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"I'm Alive Because People Care, Because People Donate Blood"

Image of Army Staff Sgt. Travis Mills is one of only five quadruple amputees from the wars in Iraq and Afghanistan. He survived his injuries thanks to the donated blood he received at a hospital in Kandahar. (Photo: Courtesy of the Travis Mills Foundation). Retired Army Staff Sgt. Travis Mills is one of only five quadruple amputees from the wars in Iraq and Afghanistan to have survived his injuries, largely thanks to the donated blood he received in a hospital in Kandahar.

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In April 2012, a “normal day at work turned ugly” for Army Staff Sgt. Travis Mills. He and members of his paratrooper battalion in the 82nd Airborne Division were on routine patrol in Afghanistan when an improvised explosive device went off. 

He remembers regaining consciousness a few seconds later and hearing his medic call out for help to place tourniquets on his legs and arms. 

“I knew I was hit,” he said. 

“I lifted my left arm and saw it was kind of tattered up pretty good.” 

When he saw his hand, he knew it wasn’t good. He wondered if he would ever see his baby girl again. 

Mills lost a lot of blood that day. Without a massive infusion of new blood, he said, he probably would not have made it home. 

“I’m alive because people care, because people donate blood,” Mills said. “And without the blood given to the Armed Services Blood Program, I would not be able to stand here and tell you about how important it is.” 

Mills, now 35 and a father of two, lives in Maine. He is one of only five quadruple amputees to survive injuries from the wars in Iraq and Afghanistan.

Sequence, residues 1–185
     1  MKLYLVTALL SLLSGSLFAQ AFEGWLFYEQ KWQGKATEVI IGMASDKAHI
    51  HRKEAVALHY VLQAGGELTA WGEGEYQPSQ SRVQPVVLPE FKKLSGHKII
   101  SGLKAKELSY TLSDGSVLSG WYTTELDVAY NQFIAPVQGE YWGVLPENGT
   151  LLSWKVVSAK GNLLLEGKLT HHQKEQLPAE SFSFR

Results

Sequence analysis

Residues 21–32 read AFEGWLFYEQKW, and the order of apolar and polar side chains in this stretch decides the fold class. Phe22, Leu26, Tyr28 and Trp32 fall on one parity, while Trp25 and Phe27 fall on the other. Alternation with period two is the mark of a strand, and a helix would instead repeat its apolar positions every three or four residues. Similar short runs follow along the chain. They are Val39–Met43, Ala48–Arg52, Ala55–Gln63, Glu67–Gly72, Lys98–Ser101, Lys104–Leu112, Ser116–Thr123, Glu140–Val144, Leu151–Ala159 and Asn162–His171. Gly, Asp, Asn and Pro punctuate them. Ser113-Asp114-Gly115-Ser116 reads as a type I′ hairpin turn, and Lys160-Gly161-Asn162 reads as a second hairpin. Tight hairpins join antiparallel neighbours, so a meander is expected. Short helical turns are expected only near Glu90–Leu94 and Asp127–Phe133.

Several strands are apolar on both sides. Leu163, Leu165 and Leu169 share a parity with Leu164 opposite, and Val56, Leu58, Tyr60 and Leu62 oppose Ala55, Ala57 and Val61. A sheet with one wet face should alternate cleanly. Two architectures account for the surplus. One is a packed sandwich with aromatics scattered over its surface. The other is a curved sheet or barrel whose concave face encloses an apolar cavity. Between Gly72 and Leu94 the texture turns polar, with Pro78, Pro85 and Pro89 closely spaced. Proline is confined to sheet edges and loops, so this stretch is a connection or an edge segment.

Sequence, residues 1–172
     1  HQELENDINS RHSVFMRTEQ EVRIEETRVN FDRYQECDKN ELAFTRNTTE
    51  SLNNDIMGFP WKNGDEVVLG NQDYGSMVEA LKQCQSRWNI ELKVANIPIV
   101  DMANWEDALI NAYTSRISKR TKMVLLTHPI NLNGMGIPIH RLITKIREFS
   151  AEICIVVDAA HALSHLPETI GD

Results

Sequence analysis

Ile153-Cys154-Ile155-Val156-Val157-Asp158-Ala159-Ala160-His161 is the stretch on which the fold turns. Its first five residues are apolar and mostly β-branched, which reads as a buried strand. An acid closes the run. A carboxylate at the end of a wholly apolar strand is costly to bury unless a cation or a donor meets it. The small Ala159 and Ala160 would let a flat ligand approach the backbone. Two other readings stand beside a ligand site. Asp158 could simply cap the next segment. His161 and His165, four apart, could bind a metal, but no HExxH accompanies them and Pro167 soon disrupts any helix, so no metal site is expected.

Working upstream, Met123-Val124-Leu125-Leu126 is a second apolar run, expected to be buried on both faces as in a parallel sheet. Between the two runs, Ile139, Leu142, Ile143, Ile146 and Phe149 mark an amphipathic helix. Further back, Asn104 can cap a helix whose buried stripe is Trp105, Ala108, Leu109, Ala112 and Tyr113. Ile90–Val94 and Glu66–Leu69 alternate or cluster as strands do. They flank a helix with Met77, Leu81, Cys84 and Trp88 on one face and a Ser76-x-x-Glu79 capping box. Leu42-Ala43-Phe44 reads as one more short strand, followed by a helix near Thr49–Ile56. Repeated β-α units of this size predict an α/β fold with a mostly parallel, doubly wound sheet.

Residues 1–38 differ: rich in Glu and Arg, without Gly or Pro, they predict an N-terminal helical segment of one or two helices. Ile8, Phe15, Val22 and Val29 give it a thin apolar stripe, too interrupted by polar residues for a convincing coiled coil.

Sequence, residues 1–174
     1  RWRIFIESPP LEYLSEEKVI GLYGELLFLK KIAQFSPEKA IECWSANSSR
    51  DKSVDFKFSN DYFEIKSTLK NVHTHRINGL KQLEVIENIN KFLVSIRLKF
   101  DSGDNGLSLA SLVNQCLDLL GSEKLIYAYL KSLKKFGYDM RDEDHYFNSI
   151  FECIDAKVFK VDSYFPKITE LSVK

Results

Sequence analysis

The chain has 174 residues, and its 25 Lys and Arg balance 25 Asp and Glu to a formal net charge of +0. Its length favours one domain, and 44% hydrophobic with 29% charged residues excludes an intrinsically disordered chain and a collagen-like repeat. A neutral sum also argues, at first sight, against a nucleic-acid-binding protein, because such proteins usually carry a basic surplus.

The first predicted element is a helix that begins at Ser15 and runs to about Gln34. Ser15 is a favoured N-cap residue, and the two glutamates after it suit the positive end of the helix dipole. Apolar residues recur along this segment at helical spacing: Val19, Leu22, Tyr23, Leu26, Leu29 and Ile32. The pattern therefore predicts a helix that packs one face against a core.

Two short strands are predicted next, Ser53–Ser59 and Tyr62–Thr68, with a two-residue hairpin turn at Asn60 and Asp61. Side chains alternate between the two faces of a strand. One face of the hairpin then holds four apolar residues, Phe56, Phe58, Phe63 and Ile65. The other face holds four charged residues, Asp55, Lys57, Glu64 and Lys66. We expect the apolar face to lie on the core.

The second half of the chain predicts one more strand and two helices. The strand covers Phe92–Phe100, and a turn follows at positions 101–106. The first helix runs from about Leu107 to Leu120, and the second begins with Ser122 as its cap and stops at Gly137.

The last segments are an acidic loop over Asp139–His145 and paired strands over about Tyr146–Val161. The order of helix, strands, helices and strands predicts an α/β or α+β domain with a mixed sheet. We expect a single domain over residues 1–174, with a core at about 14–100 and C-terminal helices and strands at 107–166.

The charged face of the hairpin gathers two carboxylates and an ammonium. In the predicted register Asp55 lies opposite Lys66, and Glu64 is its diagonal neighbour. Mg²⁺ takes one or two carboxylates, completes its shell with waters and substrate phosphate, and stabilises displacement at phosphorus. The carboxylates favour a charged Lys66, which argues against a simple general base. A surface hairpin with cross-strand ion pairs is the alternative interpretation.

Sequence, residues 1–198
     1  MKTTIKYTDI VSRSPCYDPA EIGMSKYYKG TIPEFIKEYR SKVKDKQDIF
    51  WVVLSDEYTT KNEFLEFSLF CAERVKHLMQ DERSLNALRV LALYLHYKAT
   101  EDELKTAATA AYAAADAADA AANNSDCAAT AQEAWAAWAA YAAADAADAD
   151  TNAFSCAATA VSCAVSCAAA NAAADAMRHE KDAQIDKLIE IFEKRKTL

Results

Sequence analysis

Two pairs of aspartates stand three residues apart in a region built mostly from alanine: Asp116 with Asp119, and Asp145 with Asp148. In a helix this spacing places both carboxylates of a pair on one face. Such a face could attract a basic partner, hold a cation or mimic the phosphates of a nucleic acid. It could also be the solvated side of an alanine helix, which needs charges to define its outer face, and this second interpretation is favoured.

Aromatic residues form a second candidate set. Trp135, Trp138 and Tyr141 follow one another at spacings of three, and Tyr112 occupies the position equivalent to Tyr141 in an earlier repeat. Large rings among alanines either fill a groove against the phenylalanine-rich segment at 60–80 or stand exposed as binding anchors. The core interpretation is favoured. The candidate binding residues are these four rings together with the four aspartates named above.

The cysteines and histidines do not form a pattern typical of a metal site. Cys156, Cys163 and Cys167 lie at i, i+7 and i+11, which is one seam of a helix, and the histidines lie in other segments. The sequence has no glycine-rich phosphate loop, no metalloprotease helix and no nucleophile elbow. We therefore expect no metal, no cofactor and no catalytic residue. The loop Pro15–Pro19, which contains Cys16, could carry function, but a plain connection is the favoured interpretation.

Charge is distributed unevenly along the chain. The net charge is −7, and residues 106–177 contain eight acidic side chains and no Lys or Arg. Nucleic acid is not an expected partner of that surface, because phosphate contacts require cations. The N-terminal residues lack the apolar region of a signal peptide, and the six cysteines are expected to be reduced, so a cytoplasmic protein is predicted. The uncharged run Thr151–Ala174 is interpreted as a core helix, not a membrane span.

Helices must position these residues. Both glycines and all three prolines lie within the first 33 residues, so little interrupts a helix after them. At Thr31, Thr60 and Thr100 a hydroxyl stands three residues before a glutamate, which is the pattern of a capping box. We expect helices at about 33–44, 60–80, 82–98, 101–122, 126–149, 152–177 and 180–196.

‘Fearless in a gun fight’ 

“My job was the military,” said Mills. “I loved it. Working with soldiers every day, doing my job was the greatest for me.” 

He was on his third deployment. And coming home to his wife and little girl completed his dream life. 

“I had a really good life mapped out,” he said. “I was really doing well.” 

Mills’ father, Dennis, said military service was what his son was meant to do. He recalls Travis as an energetic, motivated, active, and friendly kid growing up in Vassar, Michigan.  

At 6 foot 3 inches tall, Mills was strong and excelled in sports. He was goofy and loved to tease his younger brother, and he always stuck up for the underdogs, Dennis said. 

Soon after starting community college, he realized his heart was somewhere else. He enlisted in the Army, never looking back. 

“You could see the joy in his face,” his father recalled. 

He excelled in the Army. 

“Travis’ leadership ability is like the guys that you see in movies, that people don’t think really exist,” said Army Sgt. 1st Class Josh Buck, Mills’ friend, teammate, and brother-in-law. 

“He’s the guy that when you’re getting shot at, you would love him next to you no matter what, because he’s fearless in a gun fight.” 

Life-saving Blood 

Army Sgt. First Class Alexander Voyce, one of the medics in Mills’ unit who treated him at the scene of the blast, recalled seeing him after the injuries.